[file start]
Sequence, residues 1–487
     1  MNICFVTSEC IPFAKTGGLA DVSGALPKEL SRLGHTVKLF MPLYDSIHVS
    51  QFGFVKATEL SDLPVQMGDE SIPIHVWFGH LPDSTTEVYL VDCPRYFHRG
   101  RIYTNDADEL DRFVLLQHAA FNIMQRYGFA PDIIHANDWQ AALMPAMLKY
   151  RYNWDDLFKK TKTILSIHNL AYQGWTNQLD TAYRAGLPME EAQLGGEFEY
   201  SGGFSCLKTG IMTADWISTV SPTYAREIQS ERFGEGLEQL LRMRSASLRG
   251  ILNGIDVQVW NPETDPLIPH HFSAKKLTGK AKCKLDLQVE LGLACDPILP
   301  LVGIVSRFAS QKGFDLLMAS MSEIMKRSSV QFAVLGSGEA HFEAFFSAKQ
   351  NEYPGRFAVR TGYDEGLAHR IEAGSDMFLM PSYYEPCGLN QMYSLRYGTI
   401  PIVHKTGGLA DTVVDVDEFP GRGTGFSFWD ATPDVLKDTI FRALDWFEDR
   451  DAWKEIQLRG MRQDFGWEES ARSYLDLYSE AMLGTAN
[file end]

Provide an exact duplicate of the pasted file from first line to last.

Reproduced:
Sequence, residues 1–487
     1  MNICFVTSEC IPFAKTGGLA DVSGALPKEL SRLGHTVKLF MPLYDSIHVS
    51  QFGFVKATEL SDLPVQMGDE SIPIHVWFGH LPDSTTEVYL VDCPRYFHRG
   101  RIYTNDADEL DRFVLLQHAA FNIMQRYGFA PDIIHANDWQ AALMPAMLKY
   151  RYNWDDLFKK TKTILSIHNL AYQGWTNQLD TAYRAGLPME EAQLGGEFEY
   201  SGGFSCLKTG IMTADWISTV SPTYAREIQS ERFGEGLEQL LRMRSASLRG
   251  ILNGIDVQVW NPETDPLIPH HFSAKKLTGK AKCKLDLQVE LGLACDPILP
   301  LVGIVSRFAS QKGFDLLMAS MSEIMKRSSV QFAVLGSGEA HFEAFFSAKQ
   351  NEYPGRFAVR TGYDEGLAHR IEAGSDMFLM PSYYEPCGLN QMYSLRYGTI
   401  PIVHKTGGLA DTVVDVDEFP GRGTGFSFWD ATPDVLKDTI FRALDWFEDR
   451  DAWKEIQLRG MRQDFGWEES ARSYLDLYSE AMLGTAN